There are not only calls for a lower ratio of counsellors to students in secondary schools, but also calls for counsellors in primary schools to address what has been described as a “crisis of anxiety”. The question now is whether the latest government policy, a $100 million social investment package, alongside the new Risk Index targeted funding model, will deliver on promises to alleviate the problems currently being experienced across Aotearoa.
The Youth Suicide report, issued by the Government in July, acknowledged a large increase in youth suicide rates in New Zealand. Youth suicide rates totalled 238 for the two years from 1 July 2014 to 30 June 2016. This formal data refers to the 12–24-years age range and doesn’t specify the numbers of those affected in attendance of primary and secondary schools. However, Aotea College head of wellbeing Nicole Macquet agrees that many of the issues faced by our young people today can be directly linked to suicide and suicidal idealisations.
“There has been a significant spike in mental health for young people in secondary schools, with serious and imminent concerns around safety. There are a large amount of issues directly related to mental health and I would say the amount of students who think about suicide is increasing,” said Macquet.
Suicide, anxiety, and other mental health concerns such as anorexia, self harm and OCD are being brought to the forefront by an increasing emphasis on student wellbeing in schools.
The NZCER 2016 National Survey of Primary and Intermediate Schools highlighted a serious issue pertaining to wellbeing in the aforementioned parts of our education sector. Findings suggested that more strategic attention and action is needed by policy makers, government agencies and in schools.
Macquet again agreed with this sentiment, but stated that funding can be a problem and that many of the solutions to these problems are somewhat out of the hands of those on the ground.
“Counsellors (are) grossly understaffed in schools. The recommendation by NZAC, PPTA and ERO is a ratio of 300:1 but it’s hardly ever anywhere near that. Some of the solutions for this problem sit at a level that we can’t influence,” she said.
Whilst counsellors are present in secondary schools, it is teachers who, despite a lack of professional mental health training, are helping to identify and deal with such issues.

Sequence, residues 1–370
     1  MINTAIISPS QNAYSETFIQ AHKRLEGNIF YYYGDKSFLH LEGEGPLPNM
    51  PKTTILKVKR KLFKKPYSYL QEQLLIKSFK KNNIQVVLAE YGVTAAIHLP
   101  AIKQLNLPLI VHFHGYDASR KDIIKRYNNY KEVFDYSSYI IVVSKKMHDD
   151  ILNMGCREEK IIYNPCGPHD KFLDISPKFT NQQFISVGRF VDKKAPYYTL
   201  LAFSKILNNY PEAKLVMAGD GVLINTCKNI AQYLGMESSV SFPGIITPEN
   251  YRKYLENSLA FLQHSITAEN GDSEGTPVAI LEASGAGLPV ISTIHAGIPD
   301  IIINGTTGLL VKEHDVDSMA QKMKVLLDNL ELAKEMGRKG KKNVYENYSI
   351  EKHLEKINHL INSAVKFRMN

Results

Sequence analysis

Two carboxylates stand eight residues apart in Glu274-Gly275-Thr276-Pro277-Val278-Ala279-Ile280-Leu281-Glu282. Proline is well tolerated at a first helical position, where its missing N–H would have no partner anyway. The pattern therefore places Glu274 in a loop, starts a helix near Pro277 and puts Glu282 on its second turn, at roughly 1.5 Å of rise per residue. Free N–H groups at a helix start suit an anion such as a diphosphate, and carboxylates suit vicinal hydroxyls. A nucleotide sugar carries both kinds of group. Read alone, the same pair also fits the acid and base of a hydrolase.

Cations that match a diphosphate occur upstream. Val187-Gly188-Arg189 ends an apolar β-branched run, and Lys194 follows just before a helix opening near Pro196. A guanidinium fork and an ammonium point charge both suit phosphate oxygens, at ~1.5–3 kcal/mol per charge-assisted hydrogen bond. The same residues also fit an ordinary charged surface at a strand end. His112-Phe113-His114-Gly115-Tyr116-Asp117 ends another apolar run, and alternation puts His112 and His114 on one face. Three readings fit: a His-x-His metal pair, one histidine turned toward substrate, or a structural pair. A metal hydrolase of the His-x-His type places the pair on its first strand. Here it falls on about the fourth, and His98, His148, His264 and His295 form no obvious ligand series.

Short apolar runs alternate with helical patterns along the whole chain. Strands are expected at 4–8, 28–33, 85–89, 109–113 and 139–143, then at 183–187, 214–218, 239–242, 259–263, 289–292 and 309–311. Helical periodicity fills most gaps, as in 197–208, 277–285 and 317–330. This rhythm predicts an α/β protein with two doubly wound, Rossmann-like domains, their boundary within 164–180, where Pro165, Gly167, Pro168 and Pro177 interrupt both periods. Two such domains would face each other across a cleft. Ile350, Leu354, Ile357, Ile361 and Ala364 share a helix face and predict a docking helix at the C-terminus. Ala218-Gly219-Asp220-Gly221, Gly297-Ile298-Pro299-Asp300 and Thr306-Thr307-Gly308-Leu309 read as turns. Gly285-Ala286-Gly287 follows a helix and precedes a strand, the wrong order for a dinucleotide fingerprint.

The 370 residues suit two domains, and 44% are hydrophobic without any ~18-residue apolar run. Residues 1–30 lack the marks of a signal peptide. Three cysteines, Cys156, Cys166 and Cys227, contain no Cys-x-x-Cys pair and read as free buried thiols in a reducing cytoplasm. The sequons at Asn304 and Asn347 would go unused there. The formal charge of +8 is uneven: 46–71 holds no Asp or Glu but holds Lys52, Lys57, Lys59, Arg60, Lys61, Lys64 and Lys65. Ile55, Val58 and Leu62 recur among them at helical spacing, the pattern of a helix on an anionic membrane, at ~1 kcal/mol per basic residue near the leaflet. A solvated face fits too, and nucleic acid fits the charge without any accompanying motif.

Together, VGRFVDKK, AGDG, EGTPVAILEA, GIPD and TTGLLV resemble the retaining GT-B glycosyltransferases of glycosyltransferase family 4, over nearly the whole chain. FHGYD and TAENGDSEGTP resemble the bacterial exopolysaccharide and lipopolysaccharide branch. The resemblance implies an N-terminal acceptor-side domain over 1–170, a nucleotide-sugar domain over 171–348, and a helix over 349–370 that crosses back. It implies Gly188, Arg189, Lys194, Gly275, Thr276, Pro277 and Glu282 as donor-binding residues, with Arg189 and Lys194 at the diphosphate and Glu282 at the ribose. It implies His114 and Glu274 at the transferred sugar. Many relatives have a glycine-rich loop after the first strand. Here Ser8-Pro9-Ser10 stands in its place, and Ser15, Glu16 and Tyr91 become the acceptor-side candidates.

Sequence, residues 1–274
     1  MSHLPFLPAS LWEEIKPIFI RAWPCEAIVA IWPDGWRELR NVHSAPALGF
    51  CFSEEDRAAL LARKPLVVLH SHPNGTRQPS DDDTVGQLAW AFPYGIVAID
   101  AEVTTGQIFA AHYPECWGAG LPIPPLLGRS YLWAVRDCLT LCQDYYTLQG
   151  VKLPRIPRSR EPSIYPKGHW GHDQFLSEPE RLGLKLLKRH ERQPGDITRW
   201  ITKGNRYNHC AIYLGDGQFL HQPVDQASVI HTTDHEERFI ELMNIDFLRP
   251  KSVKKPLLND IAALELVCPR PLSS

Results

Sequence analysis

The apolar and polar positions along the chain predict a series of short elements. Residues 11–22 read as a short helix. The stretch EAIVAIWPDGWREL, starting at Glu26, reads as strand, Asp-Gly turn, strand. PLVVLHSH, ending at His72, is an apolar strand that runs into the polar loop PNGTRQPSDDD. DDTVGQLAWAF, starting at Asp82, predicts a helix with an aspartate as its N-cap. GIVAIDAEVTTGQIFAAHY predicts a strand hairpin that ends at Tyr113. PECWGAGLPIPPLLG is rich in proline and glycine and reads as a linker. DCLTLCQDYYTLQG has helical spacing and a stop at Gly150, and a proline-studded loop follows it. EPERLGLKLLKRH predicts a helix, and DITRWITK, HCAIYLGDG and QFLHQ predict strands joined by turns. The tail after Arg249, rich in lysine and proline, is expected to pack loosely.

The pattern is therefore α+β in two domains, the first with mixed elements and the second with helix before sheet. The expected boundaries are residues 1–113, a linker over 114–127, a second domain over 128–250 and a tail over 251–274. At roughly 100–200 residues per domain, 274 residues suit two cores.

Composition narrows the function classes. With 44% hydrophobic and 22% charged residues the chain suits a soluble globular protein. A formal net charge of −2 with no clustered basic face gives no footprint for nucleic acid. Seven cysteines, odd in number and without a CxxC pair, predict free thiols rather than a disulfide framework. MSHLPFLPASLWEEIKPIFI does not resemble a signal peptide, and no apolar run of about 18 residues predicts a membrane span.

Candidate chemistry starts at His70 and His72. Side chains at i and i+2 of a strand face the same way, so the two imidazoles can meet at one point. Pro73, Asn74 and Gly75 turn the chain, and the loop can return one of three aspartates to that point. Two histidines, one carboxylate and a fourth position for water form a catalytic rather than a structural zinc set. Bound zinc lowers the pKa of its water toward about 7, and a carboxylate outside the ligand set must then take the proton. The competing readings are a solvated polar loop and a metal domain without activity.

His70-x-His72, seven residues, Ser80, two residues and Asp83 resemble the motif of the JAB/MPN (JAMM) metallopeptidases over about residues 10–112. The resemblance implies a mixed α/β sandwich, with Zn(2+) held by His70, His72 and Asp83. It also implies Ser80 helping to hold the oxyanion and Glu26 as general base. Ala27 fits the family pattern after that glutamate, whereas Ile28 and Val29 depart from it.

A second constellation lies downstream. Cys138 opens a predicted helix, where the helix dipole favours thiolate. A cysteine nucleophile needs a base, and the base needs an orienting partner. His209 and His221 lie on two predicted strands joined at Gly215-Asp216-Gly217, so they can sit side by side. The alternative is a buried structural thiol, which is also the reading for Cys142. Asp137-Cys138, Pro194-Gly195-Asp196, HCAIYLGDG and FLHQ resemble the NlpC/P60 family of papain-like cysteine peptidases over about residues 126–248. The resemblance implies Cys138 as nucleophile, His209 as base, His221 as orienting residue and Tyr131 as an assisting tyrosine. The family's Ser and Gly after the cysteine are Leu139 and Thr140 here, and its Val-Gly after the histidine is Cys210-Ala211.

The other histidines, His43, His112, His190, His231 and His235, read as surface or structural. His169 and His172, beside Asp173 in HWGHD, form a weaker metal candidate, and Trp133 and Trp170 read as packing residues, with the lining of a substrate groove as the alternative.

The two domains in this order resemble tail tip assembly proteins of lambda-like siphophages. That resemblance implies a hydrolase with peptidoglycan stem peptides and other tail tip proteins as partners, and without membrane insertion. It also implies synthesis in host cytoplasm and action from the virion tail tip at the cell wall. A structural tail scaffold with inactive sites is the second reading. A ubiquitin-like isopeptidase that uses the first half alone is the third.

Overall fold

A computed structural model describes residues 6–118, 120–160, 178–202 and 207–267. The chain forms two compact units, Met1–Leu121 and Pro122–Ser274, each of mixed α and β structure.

This problem is also occurring in primary schools, where funding for counsellors is not provided by the government. Instead, primary schools deemed worthy under the decile system are supported by Social Workers in Schools (SWiS), who are then supported by the Ministry of Vulnerable Children, Oranga Tamariki (MVCOT) and Child and Adolescent and Family mental health service (CAFS).
Primary school teachers often become the student’s first port-of-call for students struggling with issues. Pam McCann, service manager for Family Works Hawke’s Bay says that the nature of referrals from schools are now far more complex than they were in previous years and that the range of needs has also increased.
“We see children with mental health issues such as anxiety, selective mutism, depression, stress, grief. We see children traumatised by their home environments and particularly where family violence is normalised,” said McCann.
Dealing with these issues has become challenging for local SWiS programmes, who are finding it difficult to meet the ever-increasing demand.
“We cannot keep up with the demand. More and more of our children are experiencing harm in huge numbers – from serious harm to less serious harm. We have to prioritise our work on the basis of who is most seriously at risk.”
McCann is calling for guidance counsellors to be present in the primary sector to help alleviate the “burgeoning” demand being placed upon SWiS workers.